Only the really smart kids took Algebra in 8th grade when I was growing up. Sure, I was in that group, but a lot were not. Most students’ mental math is abysmal, and if it weren’t for the calculator and Excel, they’d be in big trouble managing our finances at home. Let’s see why Middle School Math is Hard.

A few nights ago, my aunt, uncle, and cousins came over for dinner. My aunt was sharing with us about her 6th-grade son’s math progression in middle school, how complicated it was, and how she as a parent had just learned about this recently.

As I listened to her, I realized that common knowledge for me (because I was a middle school assistant principal for a number of years) is not common knowledge for the general parent population. So this is how middle school math typically works. Of course, it’s not the same in every single middle school but in general, this is how it goes.

In 6th grade, students take either accelerated/honors 6th-grade math or general 6th-grade math. In May, 6th-grade students take a math placement test for 7th grade.

With the results of this test, along with state standardized test scores, usually another outside source standardized math test, and teacher recommendation, students are placed either in general 7th-grade math (pre-algebra), accelerated/honors 7th-grade math (pre-algebra), or accelerated/honors 8th-grade math (algebra). Accelerated/honors 8th-grade math (algebra) covers the entire algebra textbook and is considered a complete high school level algebra math course.

Successful completion would merit high school credit. General 8th grade math (also called algebra) typically only covers half of the algebra textbook and thus is not considered a complete high school level algebra math course. Thus it would make no sense for a 7th-grade student to take general 8th-grade math (algebra) because they would simply repeat that same course in 8th grade. In 8th grade, students who took and passed Accelerated/honors 8th-grade math (algebra) would then go on to take accelerated/honors high school Geometry in 8th grade. These students are truly accelerated in math and would go on to high school to take AP (advanced placement) calculus.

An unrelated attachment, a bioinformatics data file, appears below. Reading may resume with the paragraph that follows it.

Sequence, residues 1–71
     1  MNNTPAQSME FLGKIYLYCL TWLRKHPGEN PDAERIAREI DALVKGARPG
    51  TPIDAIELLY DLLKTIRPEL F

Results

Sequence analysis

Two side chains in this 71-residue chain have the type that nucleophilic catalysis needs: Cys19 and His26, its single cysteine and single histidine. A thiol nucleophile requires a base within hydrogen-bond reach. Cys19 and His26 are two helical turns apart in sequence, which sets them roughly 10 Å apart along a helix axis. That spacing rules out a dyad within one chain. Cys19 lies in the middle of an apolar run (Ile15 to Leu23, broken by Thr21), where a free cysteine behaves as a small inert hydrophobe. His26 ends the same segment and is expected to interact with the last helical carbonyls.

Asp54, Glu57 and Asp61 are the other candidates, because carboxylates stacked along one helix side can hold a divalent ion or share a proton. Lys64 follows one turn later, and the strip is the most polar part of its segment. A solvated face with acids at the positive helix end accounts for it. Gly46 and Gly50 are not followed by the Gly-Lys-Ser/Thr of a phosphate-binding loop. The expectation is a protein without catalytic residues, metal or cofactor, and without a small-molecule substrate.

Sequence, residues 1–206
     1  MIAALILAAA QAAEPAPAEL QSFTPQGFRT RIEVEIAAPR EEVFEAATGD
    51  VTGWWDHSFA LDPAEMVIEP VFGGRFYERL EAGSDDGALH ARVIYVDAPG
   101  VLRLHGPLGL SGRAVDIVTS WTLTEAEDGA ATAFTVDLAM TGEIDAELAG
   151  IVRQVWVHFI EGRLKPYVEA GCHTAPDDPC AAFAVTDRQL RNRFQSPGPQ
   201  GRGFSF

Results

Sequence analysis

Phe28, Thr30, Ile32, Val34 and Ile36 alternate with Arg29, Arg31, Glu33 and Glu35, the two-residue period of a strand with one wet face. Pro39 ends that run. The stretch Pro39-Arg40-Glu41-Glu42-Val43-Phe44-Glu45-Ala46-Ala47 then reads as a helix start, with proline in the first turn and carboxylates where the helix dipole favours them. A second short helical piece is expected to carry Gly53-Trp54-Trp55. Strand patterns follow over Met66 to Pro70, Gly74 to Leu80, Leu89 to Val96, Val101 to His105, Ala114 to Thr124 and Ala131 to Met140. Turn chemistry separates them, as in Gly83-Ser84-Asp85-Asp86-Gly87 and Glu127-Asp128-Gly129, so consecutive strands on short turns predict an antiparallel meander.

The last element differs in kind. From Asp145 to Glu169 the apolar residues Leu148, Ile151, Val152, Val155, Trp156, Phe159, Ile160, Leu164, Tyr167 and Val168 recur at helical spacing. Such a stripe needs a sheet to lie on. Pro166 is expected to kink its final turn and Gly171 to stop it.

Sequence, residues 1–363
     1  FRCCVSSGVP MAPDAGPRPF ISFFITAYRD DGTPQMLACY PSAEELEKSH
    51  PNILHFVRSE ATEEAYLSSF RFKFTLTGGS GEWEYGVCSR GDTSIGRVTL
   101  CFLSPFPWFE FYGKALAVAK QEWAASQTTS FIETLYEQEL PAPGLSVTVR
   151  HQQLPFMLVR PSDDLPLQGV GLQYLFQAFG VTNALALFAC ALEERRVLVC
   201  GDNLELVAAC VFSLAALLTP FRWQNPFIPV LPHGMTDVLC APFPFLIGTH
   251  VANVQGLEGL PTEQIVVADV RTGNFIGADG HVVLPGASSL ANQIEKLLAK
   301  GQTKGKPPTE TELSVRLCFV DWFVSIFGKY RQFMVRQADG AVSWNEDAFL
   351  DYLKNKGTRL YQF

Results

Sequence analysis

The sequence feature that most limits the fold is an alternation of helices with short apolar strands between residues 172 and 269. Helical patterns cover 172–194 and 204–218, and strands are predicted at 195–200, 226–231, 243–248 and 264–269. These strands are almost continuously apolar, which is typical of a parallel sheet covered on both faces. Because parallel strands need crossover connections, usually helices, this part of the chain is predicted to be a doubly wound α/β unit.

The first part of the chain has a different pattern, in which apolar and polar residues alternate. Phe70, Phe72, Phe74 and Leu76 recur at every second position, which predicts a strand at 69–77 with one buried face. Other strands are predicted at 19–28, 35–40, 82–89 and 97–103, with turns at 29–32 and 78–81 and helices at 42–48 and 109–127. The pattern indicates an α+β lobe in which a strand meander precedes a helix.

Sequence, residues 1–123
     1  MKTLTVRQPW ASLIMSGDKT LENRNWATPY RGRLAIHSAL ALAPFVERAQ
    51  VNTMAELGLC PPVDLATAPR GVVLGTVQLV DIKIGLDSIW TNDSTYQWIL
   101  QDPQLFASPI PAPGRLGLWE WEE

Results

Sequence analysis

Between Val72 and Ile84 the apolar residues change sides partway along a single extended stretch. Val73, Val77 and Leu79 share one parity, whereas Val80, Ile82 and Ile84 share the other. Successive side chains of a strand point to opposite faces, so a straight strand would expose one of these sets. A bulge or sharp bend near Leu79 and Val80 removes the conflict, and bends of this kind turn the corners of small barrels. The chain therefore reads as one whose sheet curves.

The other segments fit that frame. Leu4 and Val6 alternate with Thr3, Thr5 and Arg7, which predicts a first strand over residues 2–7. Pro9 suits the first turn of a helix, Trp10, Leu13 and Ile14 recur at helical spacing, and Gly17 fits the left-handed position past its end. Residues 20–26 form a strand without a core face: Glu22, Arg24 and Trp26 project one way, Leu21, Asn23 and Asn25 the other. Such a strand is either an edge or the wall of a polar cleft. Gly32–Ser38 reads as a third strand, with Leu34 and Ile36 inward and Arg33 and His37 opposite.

Some schools offer a waiver policy/contract to avoid tracking of students. A waiver contract would allow a student to take an accelerated course, even if s/he didn’t qualify for it. Typically a waiver includes clauses such as a requirement to stay in the course until the quarter/semester ends and accepting the earned grade, which is included in the GPA (grade point average) calculation. These types of clauses are meant to help parents and students carefully consider their decision prior to signing the waiver. Parents should also consider their child’s work habits and maturity level. The reason I mention this is that those accelerated/honors 8th-grade algebra classes tend to be larger (upwards of 35-38 students), thus students are expected to be more responsible and self-motivated, and are mixed 7th and 8th-grade level classes. Not all students do well in this type of environment.

In some schools, if there is a need, 6th-grade students could take accelerated/honors 7th-grade math and then take accelerated/honors 8th-grade algebra and then accelerated/honors high school Geometry in 8th grade.

A lot of the decisions that are made about scheduling and course offerings are based on teacher staffing and ability to fit courses into the master schedule just as much as student needs and requests. I managed scheduling for 1000+ students at one of the middle schools where I worked, and it’s one of those things that’s incredibly difficult to explain to parents. Actually, it’s hard to explain to staff as well. But in general, math courses tend to drive how the rest of the master schedule shapes up. That is the reality.